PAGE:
China

PDF Version
Published on 09/Aug/2012

China maintains one of the most pervasive and sophisticated regimes of Internet filtering and information control in the world. The community of Chinese Internet users continues to grow, while the state simultaneously increases its capacity to restrict content that might threaten social stability or state control through tight regulations on domestic media, delegated liability for online content providers, just-in-time filtering, and “cleanup” campaigns.

Note: previous versions of this profile are available at China, 2009 and China, 2006-2007.

Results At A Glance

FILTERING No evidence of filtering Suspected filtering Selective filtering Substantial filtering Pervasive filtering
Political      
Social       
Conflict/Security      
Internet tools       
OTHER FACTORS Not Applicable Low Medium High
Transparency       
Consistency      

Key Indicators

    worst best
GDP per capita, PPP (constant 2005 international $) 6200
Life expectancy at birth (years) 73
Literacy rate (% of people age 15+) 93.7
Human Development Index (out of 182 countries) 89
Rule of Law (scale of 0-5) 2.2
Voice and Accountability (scale of 0-5) 0.8
EIU Democracy Index (out of 167 countries) 136
Digital Opportunity Index (out of 181 countries) 77
Internet users (% of population) 28.9

Background

The People’s Republic of China (PRC) is a one-party state ruled by the Chinese Communist Party (CCP). Since the opening of its economy under the leadership of Deng Xiaoping in the 1980s, the country has undergone drastic changes. These changes are especially apparent in the information communication technology (ICT) sector, which has become a subject of considerable significance within PRC policy and discourse.1 With the total number of Chinese netizens surpassing 450 million at the end of 2010, the Internet has become increasingly embedded in Chinese society and progressively more central to the flow of information within and across Chinese borders.2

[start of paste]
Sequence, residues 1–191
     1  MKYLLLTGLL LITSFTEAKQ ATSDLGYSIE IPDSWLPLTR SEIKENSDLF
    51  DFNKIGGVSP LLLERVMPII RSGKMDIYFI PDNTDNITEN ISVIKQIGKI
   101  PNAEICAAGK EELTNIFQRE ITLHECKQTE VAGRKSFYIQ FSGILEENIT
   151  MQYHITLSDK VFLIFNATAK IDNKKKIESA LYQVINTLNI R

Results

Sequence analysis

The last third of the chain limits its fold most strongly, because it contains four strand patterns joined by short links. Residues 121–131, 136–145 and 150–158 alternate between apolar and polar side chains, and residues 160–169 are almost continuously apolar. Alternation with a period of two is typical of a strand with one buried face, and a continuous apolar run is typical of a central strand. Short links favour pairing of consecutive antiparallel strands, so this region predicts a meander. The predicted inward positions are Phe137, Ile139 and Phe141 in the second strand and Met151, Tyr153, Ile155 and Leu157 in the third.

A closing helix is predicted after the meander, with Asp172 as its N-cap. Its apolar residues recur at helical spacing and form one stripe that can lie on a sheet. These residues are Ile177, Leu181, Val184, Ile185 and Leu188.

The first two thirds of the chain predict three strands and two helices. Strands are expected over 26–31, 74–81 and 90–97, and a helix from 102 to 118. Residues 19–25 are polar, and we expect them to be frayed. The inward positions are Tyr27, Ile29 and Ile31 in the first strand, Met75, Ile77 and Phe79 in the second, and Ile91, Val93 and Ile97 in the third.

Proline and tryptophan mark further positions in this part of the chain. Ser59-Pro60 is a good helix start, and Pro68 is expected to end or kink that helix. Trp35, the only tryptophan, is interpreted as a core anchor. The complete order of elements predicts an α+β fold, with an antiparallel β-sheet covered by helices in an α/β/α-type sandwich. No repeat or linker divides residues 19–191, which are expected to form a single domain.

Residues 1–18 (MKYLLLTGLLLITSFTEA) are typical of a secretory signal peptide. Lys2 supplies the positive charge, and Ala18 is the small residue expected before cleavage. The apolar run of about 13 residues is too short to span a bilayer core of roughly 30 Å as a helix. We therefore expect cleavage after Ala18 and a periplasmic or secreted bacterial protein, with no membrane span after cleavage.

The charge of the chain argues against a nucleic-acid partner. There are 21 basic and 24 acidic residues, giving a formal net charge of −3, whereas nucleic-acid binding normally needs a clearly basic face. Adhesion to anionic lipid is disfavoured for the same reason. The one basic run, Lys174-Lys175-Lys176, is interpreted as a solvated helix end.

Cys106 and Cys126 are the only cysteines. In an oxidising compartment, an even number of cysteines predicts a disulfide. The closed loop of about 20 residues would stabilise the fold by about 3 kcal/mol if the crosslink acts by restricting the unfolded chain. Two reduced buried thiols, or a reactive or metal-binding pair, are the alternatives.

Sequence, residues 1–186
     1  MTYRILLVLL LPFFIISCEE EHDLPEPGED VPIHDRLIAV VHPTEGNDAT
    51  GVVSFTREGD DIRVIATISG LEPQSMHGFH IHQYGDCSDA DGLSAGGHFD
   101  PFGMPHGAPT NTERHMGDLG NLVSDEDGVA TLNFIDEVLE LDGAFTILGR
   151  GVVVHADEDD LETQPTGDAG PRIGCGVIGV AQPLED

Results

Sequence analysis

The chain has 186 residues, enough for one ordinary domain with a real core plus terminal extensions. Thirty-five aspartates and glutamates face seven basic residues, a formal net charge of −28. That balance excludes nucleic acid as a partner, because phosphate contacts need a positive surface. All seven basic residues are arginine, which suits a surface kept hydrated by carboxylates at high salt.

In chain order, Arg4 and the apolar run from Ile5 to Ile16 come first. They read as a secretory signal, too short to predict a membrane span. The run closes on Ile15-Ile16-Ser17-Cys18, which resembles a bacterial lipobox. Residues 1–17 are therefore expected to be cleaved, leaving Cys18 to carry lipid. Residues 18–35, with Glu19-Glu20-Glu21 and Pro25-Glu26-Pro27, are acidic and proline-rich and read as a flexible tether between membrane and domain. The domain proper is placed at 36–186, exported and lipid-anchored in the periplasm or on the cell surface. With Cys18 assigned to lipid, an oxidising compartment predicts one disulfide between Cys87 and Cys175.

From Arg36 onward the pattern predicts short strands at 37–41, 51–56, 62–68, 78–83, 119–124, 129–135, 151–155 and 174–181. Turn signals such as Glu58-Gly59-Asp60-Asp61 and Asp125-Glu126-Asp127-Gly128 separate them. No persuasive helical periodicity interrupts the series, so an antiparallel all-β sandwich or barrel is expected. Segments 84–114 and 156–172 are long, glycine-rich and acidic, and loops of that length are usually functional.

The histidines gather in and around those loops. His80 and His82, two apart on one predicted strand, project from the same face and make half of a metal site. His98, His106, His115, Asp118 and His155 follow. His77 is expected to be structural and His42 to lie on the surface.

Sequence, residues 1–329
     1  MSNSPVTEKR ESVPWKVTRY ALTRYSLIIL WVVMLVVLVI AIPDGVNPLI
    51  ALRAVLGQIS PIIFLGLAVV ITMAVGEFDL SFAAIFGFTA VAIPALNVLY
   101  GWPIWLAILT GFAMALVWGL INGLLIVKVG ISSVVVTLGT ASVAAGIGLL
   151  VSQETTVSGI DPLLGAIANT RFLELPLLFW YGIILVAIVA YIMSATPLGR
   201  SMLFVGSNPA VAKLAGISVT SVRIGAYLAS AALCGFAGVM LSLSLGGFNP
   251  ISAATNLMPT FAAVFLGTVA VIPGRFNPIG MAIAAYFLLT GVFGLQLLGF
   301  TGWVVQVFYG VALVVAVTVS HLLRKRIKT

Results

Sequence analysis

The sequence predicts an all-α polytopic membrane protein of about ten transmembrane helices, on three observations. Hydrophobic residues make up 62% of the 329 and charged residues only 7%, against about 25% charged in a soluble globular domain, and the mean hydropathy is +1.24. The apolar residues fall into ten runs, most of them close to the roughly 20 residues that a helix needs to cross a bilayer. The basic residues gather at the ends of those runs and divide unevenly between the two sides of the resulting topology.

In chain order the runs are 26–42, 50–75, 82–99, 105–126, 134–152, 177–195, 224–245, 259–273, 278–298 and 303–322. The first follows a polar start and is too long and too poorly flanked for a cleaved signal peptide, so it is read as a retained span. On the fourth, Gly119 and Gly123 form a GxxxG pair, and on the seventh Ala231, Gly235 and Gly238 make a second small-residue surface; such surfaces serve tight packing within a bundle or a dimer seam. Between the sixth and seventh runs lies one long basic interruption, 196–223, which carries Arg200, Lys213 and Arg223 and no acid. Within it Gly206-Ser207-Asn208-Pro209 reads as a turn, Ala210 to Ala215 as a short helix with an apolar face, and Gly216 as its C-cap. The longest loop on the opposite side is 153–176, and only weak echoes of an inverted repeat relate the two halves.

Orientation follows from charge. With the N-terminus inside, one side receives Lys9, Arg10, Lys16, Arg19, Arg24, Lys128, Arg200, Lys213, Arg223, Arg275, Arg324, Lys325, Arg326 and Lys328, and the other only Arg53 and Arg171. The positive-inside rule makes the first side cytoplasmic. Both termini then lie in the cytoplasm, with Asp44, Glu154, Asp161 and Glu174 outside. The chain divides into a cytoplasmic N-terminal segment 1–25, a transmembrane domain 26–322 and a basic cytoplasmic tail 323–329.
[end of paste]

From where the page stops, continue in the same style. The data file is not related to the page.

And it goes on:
Although recent and current administrations have emphasized the importance of Internet development, Chinese policymakers are also wary of the potentially crippling effects that these changes could have on the CCP’s ability to contain sensitive or threatening information.3 As changing dynamics in China’s relationship with the international community present new opportunities for increased dialogue, the CCP has focused significant energy on developing new ways of maintaining close regulation of the information accessed and disseminated within the PRC.

Since 2008, several milestones in China’s development, domestic politics, and foreign relations have presented new challenges to the PRC government, and authorities have responded by launching rigorous campaigns to contain communications, monitor and control citizens’ activities, and outweigh public criticism through proactive counterinformation campaigns.

On March 10, 2008, the anniversary of the 1959 Tibetan Uprising, protests erupted in the Tibetan capital of Lhasa, calling for improved human rights conditions, religious freedom, and, in some cases, political independence.4 Shortly thereafter, with the international community’s eyes on China during the lead-up to the Beijing Olympics, unprecedented protests broke out among Tibetan communities throughout China and around the world.5 The Chinese government responded by initiating violent crackdowns in the Tibet Autonomous Region, clamping down on domestic and foreign media, and systematically blocking online content pertaining to the incident.6

As the Olympics drew nearer, China faced increasing international pressure to lessen censorship and honor its commitment to allow foreign media to report freely during the games. The official policy on foreign media restrictions during the Olympics, issued in 2006, considerably loosened control over foreign journalists, allowing them to travel and conduct interviews throughout China without registration or the official consent of local authorities.7 However, while these new regulations represented an unprecedented level of freedom for foreign journalists working in China, the government continued to exercise strict control over domestic media, tightly limiting the availability of unbiased Chinese-language news.8 Furthermore, though the PRC government had initially agreed to provide unfiltered Internet access to journalists during the Olympics, this promise was significantly compromised and redefined as pertaining only to “games-related” Web sites.9 Numerous political and human-rights-focused Web sites remained blocked throughout the games. Following the Olympics, the new regulations on foreign media reporting in China remained temporarily in place. However, events of the coming year led to a series of tightened restrictions and intensified controls.